Tests Help Diagnose Parkinson’s Disease, Recurrent Prostate Cancer
Cheyenne, WY—Cheyenne Regional Medical Center is the first and only hospital in Wyoming to offer two medical imaging procedures that can help confirm Parkinson’s disease and suspected prostate cancer recurrence.
DaTscan is a noninvasive imaging test that can differentiate Parkinson’s disease and parkinsonian syndrome from an unrelated condition known as essential tremor. Essential tremor results in a noticeable tremor that can mimic the symptoms of parkinsonian syndrome, which includes Parkinson’s disease, multiple system atrophy and progressive supranuclear palsy.
DaTscan is administered by injecting the patient with a trace amount of an imaging agent and then having the patient undergo a SPECT scan. The test confirms if proteins affiliated with having parkinsonian syndrome are present in the patient’s brain.
“It can be challenging to differentiate parkinsonian syndrome from other conditions, such as essential tremor,” said Casey Robinson, director of Cheyenne Regional’s medical imaging department. “While the symptoms are similar, treatment and prognosis differ greatly. Having another diagnostic tool to help physicians distinguish these conditions can be tremendously helpful in reaching an appropriate and timely diagnosis for patients.”
Axumin is used to detect and pinpoint recurrent prostate cancer through the use of a “tracer” imaging agent that concentrates inside cancerous tumor cells. When the patient undergoes a PET/CT scan, the tracer shows up inside the cancer cells.
“Both of these tests are potential game-changers for patients seeking more timely and accurate diagnoses and treatment for these two conditions,” Robinson said.
In the case of prostate cancer, elevated blood levels of the prostate-specific antigen (PSA) can indicate that the cancer has returned.
“With the use of standard imaging technology, it can be hard to detect where the cancer is and if it’s spread,” Robinson said.
Axumin can be used to detect cancer and locate its presence in the body, even at relatively low PSA levels, “providing the advantage of time and accuracy for treating the patient,” Robinson said.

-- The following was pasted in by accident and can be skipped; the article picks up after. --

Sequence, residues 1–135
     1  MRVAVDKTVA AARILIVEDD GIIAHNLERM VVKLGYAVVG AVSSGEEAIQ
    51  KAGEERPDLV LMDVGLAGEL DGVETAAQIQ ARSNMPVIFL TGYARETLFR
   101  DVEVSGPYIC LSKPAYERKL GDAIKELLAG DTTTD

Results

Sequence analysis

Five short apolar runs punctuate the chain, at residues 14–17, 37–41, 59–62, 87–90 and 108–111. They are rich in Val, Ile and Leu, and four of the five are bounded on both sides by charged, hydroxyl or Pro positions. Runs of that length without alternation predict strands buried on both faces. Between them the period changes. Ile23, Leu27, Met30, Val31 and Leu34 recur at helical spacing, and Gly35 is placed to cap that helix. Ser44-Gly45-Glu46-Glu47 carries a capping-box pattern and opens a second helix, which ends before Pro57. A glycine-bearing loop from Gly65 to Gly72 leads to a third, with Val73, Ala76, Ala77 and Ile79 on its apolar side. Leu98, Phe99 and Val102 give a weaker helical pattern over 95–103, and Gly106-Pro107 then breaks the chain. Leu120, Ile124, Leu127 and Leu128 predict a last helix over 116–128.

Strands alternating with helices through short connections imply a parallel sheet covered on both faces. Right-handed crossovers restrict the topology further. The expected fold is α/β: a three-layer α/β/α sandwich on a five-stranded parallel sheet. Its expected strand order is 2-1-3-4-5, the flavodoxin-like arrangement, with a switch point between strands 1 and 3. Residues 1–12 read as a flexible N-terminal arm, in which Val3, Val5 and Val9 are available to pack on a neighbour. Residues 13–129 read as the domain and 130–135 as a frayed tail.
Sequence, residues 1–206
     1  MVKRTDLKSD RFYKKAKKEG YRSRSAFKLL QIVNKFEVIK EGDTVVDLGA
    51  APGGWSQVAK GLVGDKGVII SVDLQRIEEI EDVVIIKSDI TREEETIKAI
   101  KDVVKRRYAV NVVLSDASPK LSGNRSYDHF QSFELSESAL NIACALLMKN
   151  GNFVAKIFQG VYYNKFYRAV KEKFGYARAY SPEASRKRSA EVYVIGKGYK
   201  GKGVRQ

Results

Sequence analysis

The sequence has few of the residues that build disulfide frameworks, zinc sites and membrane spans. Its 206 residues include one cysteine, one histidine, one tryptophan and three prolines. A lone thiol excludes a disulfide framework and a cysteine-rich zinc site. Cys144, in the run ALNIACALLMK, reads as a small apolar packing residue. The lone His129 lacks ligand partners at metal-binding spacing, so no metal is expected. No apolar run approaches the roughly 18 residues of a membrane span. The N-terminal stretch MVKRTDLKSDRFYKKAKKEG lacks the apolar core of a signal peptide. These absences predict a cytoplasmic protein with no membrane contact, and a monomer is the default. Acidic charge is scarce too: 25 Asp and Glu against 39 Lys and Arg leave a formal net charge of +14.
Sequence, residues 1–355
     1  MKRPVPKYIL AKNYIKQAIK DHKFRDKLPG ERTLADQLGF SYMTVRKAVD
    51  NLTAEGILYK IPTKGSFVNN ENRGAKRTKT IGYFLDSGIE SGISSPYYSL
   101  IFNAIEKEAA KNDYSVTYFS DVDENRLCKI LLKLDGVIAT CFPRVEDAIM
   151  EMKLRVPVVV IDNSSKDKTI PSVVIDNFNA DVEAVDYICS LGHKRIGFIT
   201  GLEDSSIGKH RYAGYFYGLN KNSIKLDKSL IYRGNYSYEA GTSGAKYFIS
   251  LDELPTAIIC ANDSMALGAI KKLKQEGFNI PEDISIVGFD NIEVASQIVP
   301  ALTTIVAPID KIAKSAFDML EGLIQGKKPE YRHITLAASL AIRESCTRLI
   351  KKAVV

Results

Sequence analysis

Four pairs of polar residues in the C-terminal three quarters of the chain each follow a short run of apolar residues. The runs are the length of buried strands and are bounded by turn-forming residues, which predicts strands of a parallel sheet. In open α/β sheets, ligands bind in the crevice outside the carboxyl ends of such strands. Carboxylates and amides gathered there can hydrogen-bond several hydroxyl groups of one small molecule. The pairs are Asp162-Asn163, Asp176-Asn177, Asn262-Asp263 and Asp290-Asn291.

The other advantage is that Axumin can detect recurrent prostate cancer in multiple areas of the body with the use of only one medical imaging scan.
According to the Wyoming Department of Health, prostate cancer is the most diagnosed cancer in Wyoming. Additionally, up to one-third of men treated for primary prostate cancer will have a recurrence within 10 years, and one-third of those men will develop metastatic disease within eight years.
More than a dozen men have undergone the Axumin test at Cheyenne Regional since the hospital began offering the test late last spring.
“We know of several recurrent prostate cancer patients who traveled out of state to have the Axumin procedure done,” Robinson said. “Thanks to the support of our executives, medical staff and medical imaging leadership, this important test is now available to our patients, close to home.”
DaTscan is another diagnostic test that Wyoming patients recently had to travel out of state to receive.
“It was important for us to make this test available locally to ensure our community and region have in-state access to vital medical care,” Robinson said.
More than 1,400 Wyoming residents have Parkinson’s disease, and nearly 1 million people will be living with Parkinson’s disease in the United States by the year 2020.
“The availability of Axumin and DaTscan represents a significant step forward for diagnosing and treating patients in our area,” Robinson said.
Community members who want more information about these tests should talk to their healthcare providers.